Preventing Snowboarding Injuries

Snowboarding is an extreme sport. Execution of moves for a beginning rider if not properly planned can put them at risk of getting injured. Common injuries can occur from simply slipping over to high-impact falls at speed. The good news is, preventing snowboarding injuries is pretty easy as long as you follow these few simple steps!

First-time snowboarders are the ones who usually get hurt despite attempting less risky manoeuvres. These newby snowboarders have yet to learn how to balance or maintain a stable stance on the snowboard to prevent potential falling. About 25% of injuries happen during a snowboarder's first attempts and almost 50% of the cases occur during the first season of snowboarding. Brisbane exercise physiologists, Live Well Rehab told us about some of the common snowboarding injuries they treat and what are the best ways to prevent them.

It would also be worthwhile checking out our previous posts covering exercises to improve your snow fitness and recovering after a day on the slopes to ensure you’re in the best shape when you reach the mountain.


Preventing Snowboarding Injuries

With both feet attached to non-release snowboard bindings which is then attached to a relatively narrow snowboard, falling is seen the primary cause of injury. This followed by colliding with stationary objects and other snowboarders or skiers.

Compared to skiing, injuries brought about by snowboarding affect the upper extremities and the ankles. These happen when snowboarders lose their sense of balance as they can't move their legs freely to recover as both of their feet are firmly fixed to the board. A basic instinctive snowboarder reaction when falling is to outstretch a hand before landing, risking upper limb injuries. Wrist, ankle and knee injuries are all very common in snowboarding, with ACL and PCL ligaments being among the most treated by our exercise physiologists. This may be because minor broken bones don’t always require muscular rehabilitation to the extent of ligament damage.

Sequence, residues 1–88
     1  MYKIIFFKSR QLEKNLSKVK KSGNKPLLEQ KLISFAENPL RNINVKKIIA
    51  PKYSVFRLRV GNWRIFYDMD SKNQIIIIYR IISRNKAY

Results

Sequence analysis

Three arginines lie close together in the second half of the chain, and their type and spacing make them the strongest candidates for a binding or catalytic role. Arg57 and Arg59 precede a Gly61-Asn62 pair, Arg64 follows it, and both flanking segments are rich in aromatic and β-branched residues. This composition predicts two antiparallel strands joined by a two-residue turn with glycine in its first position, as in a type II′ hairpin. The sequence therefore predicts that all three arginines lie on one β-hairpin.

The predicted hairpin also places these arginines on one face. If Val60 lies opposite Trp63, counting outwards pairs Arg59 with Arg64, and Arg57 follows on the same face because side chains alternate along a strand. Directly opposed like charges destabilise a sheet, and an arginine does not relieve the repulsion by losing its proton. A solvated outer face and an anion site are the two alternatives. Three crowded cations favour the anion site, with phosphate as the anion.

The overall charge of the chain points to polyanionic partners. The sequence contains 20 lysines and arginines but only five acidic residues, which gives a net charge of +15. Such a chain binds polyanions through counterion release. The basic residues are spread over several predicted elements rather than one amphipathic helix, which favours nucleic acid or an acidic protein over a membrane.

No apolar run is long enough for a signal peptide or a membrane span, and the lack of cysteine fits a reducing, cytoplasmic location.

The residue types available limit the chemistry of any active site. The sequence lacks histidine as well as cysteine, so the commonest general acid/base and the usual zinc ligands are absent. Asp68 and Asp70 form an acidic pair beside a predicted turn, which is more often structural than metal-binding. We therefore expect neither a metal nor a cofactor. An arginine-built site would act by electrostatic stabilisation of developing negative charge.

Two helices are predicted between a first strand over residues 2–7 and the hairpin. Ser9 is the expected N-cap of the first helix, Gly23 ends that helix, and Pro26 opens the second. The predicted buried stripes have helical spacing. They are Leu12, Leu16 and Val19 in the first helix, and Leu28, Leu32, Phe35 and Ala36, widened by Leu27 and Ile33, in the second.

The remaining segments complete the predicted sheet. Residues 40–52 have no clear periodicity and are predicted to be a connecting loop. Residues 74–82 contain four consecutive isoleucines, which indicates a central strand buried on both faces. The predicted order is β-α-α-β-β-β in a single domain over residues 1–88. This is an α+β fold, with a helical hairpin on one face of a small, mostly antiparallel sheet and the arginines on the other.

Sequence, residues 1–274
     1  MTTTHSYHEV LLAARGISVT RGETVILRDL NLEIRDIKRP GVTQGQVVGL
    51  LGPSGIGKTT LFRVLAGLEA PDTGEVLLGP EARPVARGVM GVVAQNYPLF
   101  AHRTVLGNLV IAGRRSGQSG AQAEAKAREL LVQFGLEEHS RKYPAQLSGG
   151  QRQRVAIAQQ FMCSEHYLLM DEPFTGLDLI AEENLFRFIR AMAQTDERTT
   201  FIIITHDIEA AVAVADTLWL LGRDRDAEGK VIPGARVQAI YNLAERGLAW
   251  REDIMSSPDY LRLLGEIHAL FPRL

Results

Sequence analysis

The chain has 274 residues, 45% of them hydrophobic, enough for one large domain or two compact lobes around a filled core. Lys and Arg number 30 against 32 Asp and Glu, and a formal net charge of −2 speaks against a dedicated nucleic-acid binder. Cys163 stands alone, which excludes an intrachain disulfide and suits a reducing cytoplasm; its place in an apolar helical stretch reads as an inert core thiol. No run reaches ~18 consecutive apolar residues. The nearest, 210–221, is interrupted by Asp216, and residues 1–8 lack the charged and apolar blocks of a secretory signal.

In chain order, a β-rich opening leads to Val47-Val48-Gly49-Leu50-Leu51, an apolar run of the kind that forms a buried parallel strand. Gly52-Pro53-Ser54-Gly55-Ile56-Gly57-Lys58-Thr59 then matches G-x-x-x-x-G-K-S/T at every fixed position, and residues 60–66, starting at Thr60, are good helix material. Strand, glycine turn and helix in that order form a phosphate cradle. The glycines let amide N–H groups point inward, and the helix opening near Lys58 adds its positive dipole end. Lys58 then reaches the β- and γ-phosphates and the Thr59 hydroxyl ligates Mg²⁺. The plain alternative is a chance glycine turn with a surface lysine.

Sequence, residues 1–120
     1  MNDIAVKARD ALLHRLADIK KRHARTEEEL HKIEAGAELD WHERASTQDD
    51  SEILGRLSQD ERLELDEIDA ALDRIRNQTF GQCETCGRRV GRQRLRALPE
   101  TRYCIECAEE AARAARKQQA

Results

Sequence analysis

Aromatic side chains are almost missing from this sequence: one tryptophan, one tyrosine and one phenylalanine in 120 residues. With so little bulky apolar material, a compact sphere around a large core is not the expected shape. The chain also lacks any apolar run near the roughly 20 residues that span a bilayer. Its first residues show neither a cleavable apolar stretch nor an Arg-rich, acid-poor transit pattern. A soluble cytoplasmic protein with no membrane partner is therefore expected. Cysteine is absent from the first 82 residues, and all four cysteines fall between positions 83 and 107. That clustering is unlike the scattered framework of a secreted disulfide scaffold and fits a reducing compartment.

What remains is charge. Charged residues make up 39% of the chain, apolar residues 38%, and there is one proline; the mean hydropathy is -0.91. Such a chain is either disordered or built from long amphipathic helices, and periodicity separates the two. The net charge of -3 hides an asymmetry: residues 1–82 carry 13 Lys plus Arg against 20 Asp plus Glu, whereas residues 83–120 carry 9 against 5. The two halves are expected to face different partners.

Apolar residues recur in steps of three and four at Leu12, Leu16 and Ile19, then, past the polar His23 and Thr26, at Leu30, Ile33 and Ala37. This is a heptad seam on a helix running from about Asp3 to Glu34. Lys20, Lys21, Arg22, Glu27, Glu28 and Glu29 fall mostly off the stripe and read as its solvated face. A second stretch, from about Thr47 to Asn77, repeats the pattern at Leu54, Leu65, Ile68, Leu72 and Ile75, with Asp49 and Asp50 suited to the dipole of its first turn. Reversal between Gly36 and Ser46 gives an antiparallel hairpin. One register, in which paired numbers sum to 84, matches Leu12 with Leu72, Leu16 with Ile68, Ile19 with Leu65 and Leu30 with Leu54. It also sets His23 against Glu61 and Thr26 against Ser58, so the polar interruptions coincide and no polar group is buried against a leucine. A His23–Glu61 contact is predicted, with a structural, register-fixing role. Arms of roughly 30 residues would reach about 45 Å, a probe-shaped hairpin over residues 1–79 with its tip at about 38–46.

Losing Balance

The wrist is the most common body part susceptible to snowboarding injuries. For those who just started learning how to ride, they may experience slipping backward and landing on their hands. Hard-impact slips can bring about sprains or fractures to one of the 13 bones that form the wrist.

Ski patrol, who usually handle on-piste snowboarding injuries, call these types of accidents 'FOOSH' or ‘fall onto an outstretched hand’. This happens when a rider loses his balance then suddenly falls. To break the fall, he outstretches a hand. If done incorrectly, this usually results in swollen muscles, sprains or bone fractures.


To reduce wrist injuries, as you slip back, refrain from catching your fall using your hands. It’s never a good idea to put all the impact on your wrists as the bones are so small. You have to learn how to fall using your elbows. As you fall backwards, place your hands in front of you as you point your elbows backwards. Your elbows can absorb a much harder impact compared to your wrists. You may also want to keep your arms safely tucked in. This makes it easier to roll out of a fall, spreading the impact over a greater portion of the body.


Wearing wrist guards is the best way to prevent a wrist injury. Such equipment should be strictly worn during your initial week of learning how to snowboard. We stock Dakine wrist guards that fit snugly on the inside or outside of your gloves. Wrist guards designed for skating or skateboarding can also be used for snowboarding if you have some of these lying around although they may not be as comfortable when wearing a glove.

Safeguarding Ankles